As House Republicans noisily demonstrate their utter lack of interest in governing, other parts of the federal system continue to operate. The Fed, for example, continues to battle inflation.

In a lengthy October essay in the New York Times, Ezra Klein provided an overview of the causes of inflation and the choices policymakers face when trying to control it.

Inflation often begins as a mismatch of supply and demand. But if people get accustomed to prices rising, then inflation becomes about expectations. And so the task of ending it grows fuzzier: You need to use policy not just to manage the economy but also to alter psychology. The arid language of economics obscures the brutality this demands. You need to hit the economy hard enough to cow everyone who makes decisions within it.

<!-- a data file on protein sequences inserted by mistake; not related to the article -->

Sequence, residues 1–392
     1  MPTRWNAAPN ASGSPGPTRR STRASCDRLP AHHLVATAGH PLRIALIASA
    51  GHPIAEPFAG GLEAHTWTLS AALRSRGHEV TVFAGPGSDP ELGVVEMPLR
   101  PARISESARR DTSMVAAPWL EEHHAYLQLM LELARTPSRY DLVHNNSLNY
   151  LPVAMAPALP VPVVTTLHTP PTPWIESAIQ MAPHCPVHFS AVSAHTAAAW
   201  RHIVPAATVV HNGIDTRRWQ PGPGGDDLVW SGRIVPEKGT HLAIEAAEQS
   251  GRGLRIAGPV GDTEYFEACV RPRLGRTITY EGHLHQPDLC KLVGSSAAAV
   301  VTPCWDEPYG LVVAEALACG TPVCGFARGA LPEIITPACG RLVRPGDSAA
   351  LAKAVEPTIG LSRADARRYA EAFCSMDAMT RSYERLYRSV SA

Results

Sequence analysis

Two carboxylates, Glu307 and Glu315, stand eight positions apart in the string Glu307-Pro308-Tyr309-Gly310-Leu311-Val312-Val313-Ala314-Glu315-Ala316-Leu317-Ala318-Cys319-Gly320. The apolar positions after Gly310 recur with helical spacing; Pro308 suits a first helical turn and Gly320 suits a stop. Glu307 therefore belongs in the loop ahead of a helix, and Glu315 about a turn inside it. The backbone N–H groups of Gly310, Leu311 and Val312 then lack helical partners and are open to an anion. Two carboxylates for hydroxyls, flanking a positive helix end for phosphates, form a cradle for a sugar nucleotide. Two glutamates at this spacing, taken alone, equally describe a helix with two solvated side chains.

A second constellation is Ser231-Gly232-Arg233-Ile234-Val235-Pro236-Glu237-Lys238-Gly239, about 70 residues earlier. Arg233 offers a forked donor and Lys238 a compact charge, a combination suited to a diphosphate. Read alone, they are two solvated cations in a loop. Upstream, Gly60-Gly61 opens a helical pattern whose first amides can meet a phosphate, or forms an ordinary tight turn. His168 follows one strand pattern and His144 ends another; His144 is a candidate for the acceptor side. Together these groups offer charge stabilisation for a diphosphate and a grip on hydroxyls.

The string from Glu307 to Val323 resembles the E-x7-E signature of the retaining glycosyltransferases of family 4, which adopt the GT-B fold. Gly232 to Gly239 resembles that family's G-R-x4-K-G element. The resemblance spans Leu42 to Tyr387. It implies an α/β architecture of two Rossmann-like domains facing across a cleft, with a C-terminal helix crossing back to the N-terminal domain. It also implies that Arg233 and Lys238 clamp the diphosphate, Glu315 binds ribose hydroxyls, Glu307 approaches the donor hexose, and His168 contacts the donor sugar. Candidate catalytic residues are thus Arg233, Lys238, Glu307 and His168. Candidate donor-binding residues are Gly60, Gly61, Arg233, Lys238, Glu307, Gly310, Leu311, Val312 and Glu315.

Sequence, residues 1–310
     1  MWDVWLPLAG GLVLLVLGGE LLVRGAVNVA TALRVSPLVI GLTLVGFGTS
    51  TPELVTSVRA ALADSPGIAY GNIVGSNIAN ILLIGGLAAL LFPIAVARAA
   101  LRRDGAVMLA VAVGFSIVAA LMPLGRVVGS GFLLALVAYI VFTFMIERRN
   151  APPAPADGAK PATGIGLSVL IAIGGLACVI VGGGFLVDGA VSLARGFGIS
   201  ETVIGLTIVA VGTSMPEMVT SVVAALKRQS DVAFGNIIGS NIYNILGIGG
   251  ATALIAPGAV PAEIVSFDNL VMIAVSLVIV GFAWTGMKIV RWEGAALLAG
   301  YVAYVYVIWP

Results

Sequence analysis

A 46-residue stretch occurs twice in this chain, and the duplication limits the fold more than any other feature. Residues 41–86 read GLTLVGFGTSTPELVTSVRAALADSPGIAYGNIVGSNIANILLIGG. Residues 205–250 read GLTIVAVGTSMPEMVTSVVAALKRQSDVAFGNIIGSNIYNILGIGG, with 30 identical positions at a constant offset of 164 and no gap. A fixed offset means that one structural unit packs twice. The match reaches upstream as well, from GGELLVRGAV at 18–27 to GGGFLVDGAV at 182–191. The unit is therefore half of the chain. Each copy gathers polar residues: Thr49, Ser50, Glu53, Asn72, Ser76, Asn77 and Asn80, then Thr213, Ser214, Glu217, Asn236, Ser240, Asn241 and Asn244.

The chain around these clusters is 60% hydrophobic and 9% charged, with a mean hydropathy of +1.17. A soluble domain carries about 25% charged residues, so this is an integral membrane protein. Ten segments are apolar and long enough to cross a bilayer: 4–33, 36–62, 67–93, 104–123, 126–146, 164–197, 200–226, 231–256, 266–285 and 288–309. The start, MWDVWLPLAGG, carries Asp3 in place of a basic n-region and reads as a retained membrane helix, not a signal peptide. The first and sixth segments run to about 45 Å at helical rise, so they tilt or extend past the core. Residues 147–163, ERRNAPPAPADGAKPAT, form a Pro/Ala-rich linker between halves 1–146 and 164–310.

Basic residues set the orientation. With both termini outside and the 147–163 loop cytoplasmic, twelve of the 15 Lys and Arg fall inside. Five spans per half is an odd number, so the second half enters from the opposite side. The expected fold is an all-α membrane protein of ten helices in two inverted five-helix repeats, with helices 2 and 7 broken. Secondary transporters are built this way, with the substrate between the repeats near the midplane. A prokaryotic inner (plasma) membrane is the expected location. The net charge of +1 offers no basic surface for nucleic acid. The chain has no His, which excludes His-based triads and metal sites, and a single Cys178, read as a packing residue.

Because that’s what prices are: decisions. Those decisions, even when mediated by algorithms, are made by people trying to predict the decisions other people will make. When people start to believe that other people are raising prices, they will raise prices. If they think other people are raising prices even faster, they will raise prices even faster than that. “How can you persuade people to expect differently?

One way is by increasing supply., but that usually can’t be done quickly. Another is by cutting demand by raising interest rates–but that makes it harder to borrow money or afford homes, and inevitably throws people out of work.

Klein reminded readers of Paul Volker’s approach  to “stagflation” in the 1970s.